Old Warthogs should remain flyable
by JAMES STEVENSON, War is Boring, 3 August 2016
The U.S. Marine Corps, tired of waiting for the continuously-delayed F-35B, has gone to the Arizona boneyard to retrieve some of its preserved, first-edition F-18 Hornets to fulfill its close air support obligation to protect Marines on the ground.
Mindful of the aphorism “willful waste makes woeful want,” the Marine Corps preserved its F-18s in the boneyard just in case it ever needed them again.
Killing the Hog (VI)
This is the 7th in a series of postings decrying the Air Force’s plan to kill the low cost, hugely successful, combat-proven A-10 — affectionately known by its pilots and the grunts it supports on the ground as the “Hog.” The AF game plan has been to replace the A-10 with hugely expensive, unproven, problem-plagued F-35 Joint Strike Fighter. The A-10 is the only airplane ever designed specifically for Close Air Support — i.e., supporting ground troops in close combat in time sensitive scenarios, where discrimination between friend and foe is crucially important. In this mission the A-10 is peerless, but the Air Force does not like the CAS mission, because it subordinates the AF operations to the ground commander’s intentions. This assignment of control flies in the face of strategic bombing theory, which claims you can achieve victory thru air power alone — and strategic bombing theory, dear reader, is the basic case used to justify the bureaucratic imperatives and huge budgets of an independent Air Force. Readers unfamiliar with A-10 and the background issues surrounding the never ending debate to kill the Hog will find earlier postings at these links:
- Should the AF Retire the A-10? – A Seminar on a Seminal Question, 11 November 2013
- Killing the Hog (I), 2 December 2014
- Killing the Hog (II), 3 December 2014
- General Post’s Mexican Hot Platter, 30 January 2015
- Killing the Hog (III), 8 February 2015
- Killing the Hog (IV), 9 February 2015
- Killing the Hog (V), 11 February 2015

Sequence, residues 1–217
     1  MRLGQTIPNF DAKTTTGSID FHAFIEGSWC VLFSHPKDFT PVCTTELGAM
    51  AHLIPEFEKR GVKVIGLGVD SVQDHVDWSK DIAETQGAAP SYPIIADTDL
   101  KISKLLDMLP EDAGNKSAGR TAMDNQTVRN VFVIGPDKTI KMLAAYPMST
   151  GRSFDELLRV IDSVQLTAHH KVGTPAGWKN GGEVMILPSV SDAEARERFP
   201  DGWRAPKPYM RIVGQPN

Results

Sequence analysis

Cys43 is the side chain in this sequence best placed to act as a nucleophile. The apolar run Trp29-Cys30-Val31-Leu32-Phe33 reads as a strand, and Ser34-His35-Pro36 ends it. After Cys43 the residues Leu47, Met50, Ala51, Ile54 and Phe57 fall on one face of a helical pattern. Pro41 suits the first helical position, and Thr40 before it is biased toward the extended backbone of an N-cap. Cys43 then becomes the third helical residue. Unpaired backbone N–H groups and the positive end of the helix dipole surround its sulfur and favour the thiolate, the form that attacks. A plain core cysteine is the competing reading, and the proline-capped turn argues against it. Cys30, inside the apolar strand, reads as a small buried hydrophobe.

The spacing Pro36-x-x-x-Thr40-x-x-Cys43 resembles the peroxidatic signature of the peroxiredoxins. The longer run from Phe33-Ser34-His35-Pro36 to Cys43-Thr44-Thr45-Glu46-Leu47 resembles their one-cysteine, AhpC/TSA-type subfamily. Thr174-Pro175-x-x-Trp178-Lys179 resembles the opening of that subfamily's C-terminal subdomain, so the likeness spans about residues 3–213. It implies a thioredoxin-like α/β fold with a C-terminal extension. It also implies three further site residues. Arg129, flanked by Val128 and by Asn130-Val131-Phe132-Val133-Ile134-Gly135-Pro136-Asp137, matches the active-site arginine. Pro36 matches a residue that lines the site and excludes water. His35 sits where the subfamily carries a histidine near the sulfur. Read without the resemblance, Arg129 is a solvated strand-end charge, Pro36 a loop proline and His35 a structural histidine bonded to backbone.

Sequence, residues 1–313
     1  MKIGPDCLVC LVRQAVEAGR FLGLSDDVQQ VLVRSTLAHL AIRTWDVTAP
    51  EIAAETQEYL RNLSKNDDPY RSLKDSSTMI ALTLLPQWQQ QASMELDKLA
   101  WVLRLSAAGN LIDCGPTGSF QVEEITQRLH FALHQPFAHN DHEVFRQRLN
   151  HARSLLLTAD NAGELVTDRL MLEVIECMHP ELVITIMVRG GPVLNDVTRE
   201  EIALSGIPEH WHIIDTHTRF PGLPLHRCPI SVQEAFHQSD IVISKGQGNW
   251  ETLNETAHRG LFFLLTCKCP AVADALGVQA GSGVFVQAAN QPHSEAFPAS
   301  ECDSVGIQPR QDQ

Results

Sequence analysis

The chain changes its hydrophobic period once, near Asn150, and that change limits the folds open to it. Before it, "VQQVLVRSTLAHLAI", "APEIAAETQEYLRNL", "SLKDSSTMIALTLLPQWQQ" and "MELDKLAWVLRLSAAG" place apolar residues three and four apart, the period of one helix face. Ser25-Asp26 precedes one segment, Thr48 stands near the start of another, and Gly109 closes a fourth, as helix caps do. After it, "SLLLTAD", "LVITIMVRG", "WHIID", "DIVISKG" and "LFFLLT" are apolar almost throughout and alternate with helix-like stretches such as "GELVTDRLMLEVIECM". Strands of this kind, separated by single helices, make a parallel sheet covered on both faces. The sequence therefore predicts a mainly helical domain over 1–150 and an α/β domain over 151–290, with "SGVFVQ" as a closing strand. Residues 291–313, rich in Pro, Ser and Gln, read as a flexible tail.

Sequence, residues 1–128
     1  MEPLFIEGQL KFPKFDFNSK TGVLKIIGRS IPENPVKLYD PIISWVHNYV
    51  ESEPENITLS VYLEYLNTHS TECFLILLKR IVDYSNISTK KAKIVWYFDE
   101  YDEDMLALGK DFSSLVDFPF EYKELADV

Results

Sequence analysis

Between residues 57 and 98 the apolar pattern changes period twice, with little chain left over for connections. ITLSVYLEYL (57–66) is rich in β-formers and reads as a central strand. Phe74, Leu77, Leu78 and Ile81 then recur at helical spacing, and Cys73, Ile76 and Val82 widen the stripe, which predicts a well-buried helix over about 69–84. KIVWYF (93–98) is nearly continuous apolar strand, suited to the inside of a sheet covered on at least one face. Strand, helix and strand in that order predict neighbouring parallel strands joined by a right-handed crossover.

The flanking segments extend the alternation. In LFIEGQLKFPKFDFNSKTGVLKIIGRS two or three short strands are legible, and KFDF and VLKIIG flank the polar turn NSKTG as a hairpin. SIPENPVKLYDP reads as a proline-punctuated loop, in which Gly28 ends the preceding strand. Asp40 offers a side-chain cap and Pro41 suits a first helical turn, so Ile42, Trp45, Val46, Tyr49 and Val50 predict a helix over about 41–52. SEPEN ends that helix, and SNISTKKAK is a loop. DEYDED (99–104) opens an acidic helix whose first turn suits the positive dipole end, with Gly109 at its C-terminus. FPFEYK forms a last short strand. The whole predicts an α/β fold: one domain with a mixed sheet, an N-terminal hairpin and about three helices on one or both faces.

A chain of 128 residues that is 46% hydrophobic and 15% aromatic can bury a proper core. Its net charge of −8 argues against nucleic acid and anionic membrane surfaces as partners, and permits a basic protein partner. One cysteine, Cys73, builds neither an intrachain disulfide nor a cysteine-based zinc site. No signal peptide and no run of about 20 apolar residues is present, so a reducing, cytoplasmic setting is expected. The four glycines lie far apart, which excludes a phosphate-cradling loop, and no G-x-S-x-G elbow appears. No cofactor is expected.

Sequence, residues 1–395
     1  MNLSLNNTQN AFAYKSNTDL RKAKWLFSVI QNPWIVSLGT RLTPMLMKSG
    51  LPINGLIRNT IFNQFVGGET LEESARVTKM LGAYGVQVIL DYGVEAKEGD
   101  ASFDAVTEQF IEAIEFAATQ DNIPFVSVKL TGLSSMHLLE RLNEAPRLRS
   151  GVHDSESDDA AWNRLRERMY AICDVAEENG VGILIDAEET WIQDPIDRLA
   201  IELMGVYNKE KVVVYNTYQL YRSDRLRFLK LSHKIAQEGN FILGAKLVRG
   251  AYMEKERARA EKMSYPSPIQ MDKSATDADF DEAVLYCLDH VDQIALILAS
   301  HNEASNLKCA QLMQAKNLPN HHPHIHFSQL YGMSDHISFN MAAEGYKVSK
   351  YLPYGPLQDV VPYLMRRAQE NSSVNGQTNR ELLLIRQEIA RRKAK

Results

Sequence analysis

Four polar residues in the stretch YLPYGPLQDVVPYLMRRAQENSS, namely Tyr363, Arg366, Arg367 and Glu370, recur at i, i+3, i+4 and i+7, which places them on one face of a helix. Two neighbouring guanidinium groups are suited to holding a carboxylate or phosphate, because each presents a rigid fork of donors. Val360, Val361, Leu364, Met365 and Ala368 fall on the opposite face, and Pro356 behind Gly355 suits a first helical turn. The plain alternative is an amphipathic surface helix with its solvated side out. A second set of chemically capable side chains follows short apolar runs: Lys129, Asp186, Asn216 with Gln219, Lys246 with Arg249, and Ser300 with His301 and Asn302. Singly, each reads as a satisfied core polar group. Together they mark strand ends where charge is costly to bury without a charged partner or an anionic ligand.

The intervention of Congress temporarily has thwarted the AF game plan by directing the Pentagon’s Director of Operational Test and Evaluation (OT&E) to conduct a realistic fly-off and shoot-off between the A-10 and the F-35. The sensible goal this approach is to use the scientific method to determine empirically which plane is more effective in supporting ground troops in combat. Currently that test is scheduled for 2018. That the Air Force was forced by Congress to conduct such a common-sense test is a telling message in itself.
But there is more. An A-10/F-35 fly-off in 2018, while well intentioned and entirely appropriate, is also a charade. The F-35 will not be cleared by 2018 to carry and fire the weapons appropriate for the Close Air Support mission, including its necessary command and control avionics. Even if one makes the patently absurd assumption that there are no more delays in the problem-plagued F-35 program, the OT&E report evaluating the F-35’s capability to carry and fire these weapons in anything approaching a realistic CAS scenario will not be available until 2021. How can the F-35 pass a fly-off/shoot-off comparative CAS test against the A-10 before we know what, if any, CAS capabilities are possessed by the F-35? To ask such a question is to answer it, so don’t expect any meaningful fly-off/shoot-off to be conducted in 2018.
Notwithstanding, the speed bump imposed by Congress, as my good friend James Stevenson explains below, the AF is making the retirement of the A-10 in favor of the F-35 inevitable by quietly destroying those A-10s now in long term storage. There are currently 291 A-10s in active service, with another 99 A-10s in storage in the Arizona desert (including 50 recently modernized A-10Cs with gobs of flight time left on them). But the Air Force is sending these stored aircraft (including A-10Cs) to the breakers. In so doing, the AF is deliberately reducing its ability to maintain the existing active A-10 force structure over the long term.
In short, the quiet AF strategy of destroying perfectly good A-10s guarantees the F-35 will replace the A-10, thereby rendering Congress’s direction for a fly-off/shoot-off irrelevant. This makes a mockery of the powers assigned to the Congress in Article I, Section 8 of the Constitution — a document every member of the AF has sworn unconditionally to defend against all enemies foreign and domestic.
Phi Beta Iota: The F-35 is treason at multiple levels. The USAF policy and practice on the A-10 and CAS is treason at multiple levels. And no one says a word. The US Army Chief of Staff should be screaming bloody murder and threatening to resign on the steps of Capitol Hill. This is the kind of corruption a “rigged system” produces. We note with interest that General Philip Breedlove, USAF committed treason against the Obama Administration and in direct contravention of all Congressional and Executive guidelines, in seeking to inspire a war with Russia over the Ukraine. It may be time to abolish the USAF and return to two major military departments — the Navy with the Marine Corps as naval infantry reinforced with organic air, and the Army, with all air capabilities subordinated to the ground/theater commander.